2013-2017 Bacterial Pathogens, Viruses and Parasites in Various Food Commodities
While the food we eat in Canada is among the safest in the world, the consumption of food contaminated with foodborne pathogens (bacteria, viruses and parasites) can cause food-borne illness. It has been estimated that approximately 4 million (1 in 8) Canadians are affected by food-borne illnesses each year.
Targeted surveys are one of several surveillance activities that CFIA conducts on the Canadian food supply. The purpose of targeted surveys is to generate baseline information on the occurrence of pathogens in food. Targeted surveys can vary in duration from several months to several years depending on the objective of each survey.
The food commodities included in this report are commonly consumed by Canadians across various age groups. Unfortunately, most of these types of foods have been associated with recalls and outbreaks of food-borne illnesses in the past. There are numerous points in the food production chain where contamination with pathogens can occur such as during production, processing, packaging and distribution. Given that most of the commodities covered by this report are consumed without further preparation, the presence of pathogens creates a potential risk for foodborne illnesses.
The purpose of this Interim Report is to provide preliminary results related to on-going surveys that the CFIA is currently conducting on the following commodities:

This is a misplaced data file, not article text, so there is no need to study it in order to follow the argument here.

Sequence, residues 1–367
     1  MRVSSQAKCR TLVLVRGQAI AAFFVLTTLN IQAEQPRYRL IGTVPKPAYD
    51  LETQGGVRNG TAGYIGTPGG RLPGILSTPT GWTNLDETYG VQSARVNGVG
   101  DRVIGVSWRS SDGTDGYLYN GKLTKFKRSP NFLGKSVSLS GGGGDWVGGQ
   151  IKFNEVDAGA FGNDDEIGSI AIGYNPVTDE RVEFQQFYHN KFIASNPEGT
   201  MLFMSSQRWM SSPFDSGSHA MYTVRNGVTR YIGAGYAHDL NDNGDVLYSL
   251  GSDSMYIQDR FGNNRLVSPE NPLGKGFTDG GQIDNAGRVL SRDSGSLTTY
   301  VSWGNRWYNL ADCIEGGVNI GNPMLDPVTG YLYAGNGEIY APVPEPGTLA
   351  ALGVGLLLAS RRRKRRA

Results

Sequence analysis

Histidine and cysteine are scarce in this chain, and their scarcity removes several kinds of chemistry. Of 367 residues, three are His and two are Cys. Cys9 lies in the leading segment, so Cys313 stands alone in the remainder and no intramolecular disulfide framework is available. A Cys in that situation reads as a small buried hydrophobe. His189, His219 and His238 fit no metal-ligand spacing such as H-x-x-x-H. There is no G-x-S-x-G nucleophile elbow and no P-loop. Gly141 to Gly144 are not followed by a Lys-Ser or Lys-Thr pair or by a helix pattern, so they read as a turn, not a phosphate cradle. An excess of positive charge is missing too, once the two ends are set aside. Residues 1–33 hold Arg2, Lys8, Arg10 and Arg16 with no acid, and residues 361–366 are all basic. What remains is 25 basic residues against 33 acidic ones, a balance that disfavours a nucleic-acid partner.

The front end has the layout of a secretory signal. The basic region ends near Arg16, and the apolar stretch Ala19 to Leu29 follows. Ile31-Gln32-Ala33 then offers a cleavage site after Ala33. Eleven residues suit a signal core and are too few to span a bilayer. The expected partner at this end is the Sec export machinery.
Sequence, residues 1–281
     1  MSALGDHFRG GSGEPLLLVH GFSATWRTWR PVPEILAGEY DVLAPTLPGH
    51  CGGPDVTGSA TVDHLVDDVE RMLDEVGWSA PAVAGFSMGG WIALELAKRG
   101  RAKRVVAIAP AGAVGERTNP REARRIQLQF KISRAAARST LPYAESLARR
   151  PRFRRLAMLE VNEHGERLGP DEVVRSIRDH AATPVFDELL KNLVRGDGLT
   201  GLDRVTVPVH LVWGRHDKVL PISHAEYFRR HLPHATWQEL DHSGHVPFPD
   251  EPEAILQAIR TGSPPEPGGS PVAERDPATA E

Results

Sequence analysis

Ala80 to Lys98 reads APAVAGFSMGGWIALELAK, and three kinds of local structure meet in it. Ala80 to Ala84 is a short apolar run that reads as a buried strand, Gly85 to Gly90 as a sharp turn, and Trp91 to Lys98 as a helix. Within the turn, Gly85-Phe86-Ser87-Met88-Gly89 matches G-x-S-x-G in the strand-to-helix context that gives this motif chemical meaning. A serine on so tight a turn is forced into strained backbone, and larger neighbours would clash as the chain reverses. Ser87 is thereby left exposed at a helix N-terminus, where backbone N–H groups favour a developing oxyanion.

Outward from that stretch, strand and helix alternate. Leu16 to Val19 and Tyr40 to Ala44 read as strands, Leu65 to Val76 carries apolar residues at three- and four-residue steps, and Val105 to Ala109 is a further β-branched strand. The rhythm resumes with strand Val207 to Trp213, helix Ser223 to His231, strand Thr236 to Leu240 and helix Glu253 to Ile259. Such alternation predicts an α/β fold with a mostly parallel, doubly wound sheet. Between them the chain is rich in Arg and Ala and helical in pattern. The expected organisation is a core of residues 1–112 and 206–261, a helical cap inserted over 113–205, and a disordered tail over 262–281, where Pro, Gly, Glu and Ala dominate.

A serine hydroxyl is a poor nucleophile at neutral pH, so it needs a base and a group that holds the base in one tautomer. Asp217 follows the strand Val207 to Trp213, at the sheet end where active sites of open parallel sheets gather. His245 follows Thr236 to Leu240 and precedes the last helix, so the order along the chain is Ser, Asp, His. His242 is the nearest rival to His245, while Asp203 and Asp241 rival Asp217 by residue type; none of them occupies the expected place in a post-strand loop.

- Refrigerated Dips
- Refrigerated Sauces and Salad Dressings
- Refrigerated Ready-to-Eat Salads
- Refrigerated Desserts
- Raw Milk Cheese
- Dried Herbs
- Dried Sprouted Seeds
- Dried Teas
- Dried Seed and Nut Powder
- Powdered Infant Formula
- Chocolate-Based Confectionaries
- High Pressure Processed (HPP) and Unpasteurized Juices
- Raw Ground Beef and Veal
- Stone Fruits
- Snow and Sugar Snap Peas
From April 1, 2013 to March 31, 2017, a total of 19404 samples of the above listed commodities were collected from retail locations in 11 cities across Canada and tested for various pathogens. Interim results show that almost all of the samples tested were free of the pathogens tested for, with 99.4% (19284/19404) of the samples being assessed as satisfactory. Of the 19404 samples tested, 0.4% (88/19404) were assessed as investigative and 0.2% (32/19404) were assessed as unsatisfactory. Most of the targeted surveys in this interim report have a >99% satisfactory rate to date. The only exceptions are the Dried Sprouted Seed survey (96.5% satisfactory) and the Raw Ground Beef & Veal survey (98.8% satisfactory).
The Canadian Food Inspection Agency (CFIA) conducted appropriate follow-up activities for samples that were assessed as investigative or unsatisfactory. These follow-up activities may have included additional facility inspections, product recalls and additional sampling. There have been no reported illnesses linked to the contaminated products.
It is important to note that the assessments reported herein are preliminary as the targeted surveys are still underway and consequently, no conclusions can be drawn at this time. It is unlikely, but possible that the assessments may be adjusted if a policy change occurs with respect to a particular pathogen. This report is being provided as a proactive means of sharing a snapshot of the work conducted to date. Final Reports containing further details and a full analysis of the results will be made available in the coming years as the surveys are completed.
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